But the last frontier is really the guitar and overcoming the depression that welled up when his trained hands and fingers couldn’t move the way his memory directed. I use the past tense on purpose, hoping that a new stage of hope and achievement is taking over.
    I woke up this morning with these thoughts flowing out of me, inspired by hearing Freddie’s practicing continue. For sure since Freddie broke his pelvis so badly, our lives have been about his recovery. Of course that just intensified after the stroke. And even before the pelvis, Freddie had been recovering from an addiction to Oxycontin prescribed by several doctors for his back and foot pain. I thought that was bad, but that was just the beginning. And now since Freddie has had his hip operation, he has even quit the Subutex, the drug they finally gave him in the recovery center to get off the Oxycontin.
So now there is hope. And this trip to Spain may mark the beginning of a new era for both of us. I long to have Freddie as a full partner again and to give up this caretaking role that circumstances have forced on me. Here in Sevilla we are experiencing both hope and change.
    Our landlord Angel has returned and came over today. He fixed a few things for us already and will fix up more for us and put in our house phone tomorrow. I can use his rooftop to hang our laundry although the dryer is now working. Angel is such a lovely man. He told us that Juan and Lucy were having breakfast at Bar Hercules, so Freddie almost ran over there without his cane and I met them a few minutes later. Amazing.
    Cristina just sent me an interesting link to the history of Sevilla
She also included this historical update on the Alameda de Herceules:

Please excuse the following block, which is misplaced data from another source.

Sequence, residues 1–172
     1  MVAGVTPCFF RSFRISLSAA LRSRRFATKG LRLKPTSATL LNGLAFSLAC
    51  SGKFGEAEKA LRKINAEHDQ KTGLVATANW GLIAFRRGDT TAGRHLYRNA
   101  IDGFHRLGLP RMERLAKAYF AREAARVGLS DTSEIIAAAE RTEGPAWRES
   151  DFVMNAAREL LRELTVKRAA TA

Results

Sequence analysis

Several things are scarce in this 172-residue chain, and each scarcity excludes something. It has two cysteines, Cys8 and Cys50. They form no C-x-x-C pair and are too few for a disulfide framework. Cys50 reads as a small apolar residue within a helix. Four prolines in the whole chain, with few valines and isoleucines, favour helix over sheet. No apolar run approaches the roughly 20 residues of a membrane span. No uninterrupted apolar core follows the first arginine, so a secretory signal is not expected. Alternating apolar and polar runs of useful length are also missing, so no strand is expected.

“Seville's history is intimately linked to that of the river Guadalquivir because from its most remote past the city has been both a river port and bridge between the Atlantic Ocean and the hinterland of Andalusia. ...Archaeological excavations undertaken in La Cuesta del Rosario confirm that the first permanent settlements date back to the 9th century.
    “For centuries analysts and chroniclers gave the honor of tracing
Seville's limits to that most popular of mythical heroes, Hercules. He
marked with 6 columns the spot where Julius Caesar would later found the city of Seville. The illustrious Roman general called the new city Iulia Romula Hispalis: Iulia after himself, Romula in honour of Rome and Hispalis. Subsequent historical researches into the founding of Seville have to this day been unable to correct this popular belief in Seville´s mythical origins. So great was the admiration felt by Renaissance Seville towards her mythical founders that their statues, specially sculpted by Diego Pasquera, were placed on two granite pillars with Corinthian capitals in the newly created promenade, Alameda de Hércules, where they can still be admired. Incidentally, the two columns were removed from the ruins of a Roman temple in calle Mármoles where two sister columns remain.”